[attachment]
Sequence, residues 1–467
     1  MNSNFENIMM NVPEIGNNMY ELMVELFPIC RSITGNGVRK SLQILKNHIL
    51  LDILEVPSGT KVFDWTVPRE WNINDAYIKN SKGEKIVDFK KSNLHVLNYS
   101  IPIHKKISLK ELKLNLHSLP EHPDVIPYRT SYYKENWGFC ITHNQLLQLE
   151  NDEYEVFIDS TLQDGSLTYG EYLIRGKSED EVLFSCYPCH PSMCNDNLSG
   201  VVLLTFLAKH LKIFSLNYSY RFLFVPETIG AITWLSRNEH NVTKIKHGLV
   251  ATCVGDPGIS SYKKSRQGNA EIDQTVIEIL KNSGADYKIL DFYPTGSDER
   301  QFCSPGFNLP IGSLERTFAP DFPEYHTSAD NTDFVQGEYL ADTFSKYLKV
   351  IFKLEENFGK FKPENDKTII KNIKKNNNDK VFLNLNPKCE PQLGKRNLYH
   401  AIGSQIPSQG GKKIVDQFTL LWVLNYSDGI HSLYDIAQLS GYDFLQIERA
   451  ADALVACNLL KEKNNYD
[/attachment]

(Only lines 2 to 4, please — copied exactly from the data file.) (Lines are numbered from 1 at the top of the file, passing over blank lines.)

     1  MNSNFENIMM NVPEIGNNMY ELMVELFPIC RSITGNGVRK SLQILKNHIL
    51  LDILEVPSGT KVFDWTVPRE WNINDAYIKN SKGEKIVDFK KSNLHVLNYS
   101  IPIHKKISLK ELKLNLHSLP EHPDVIPYRT SYYKENWGFC ITHNQLLQLE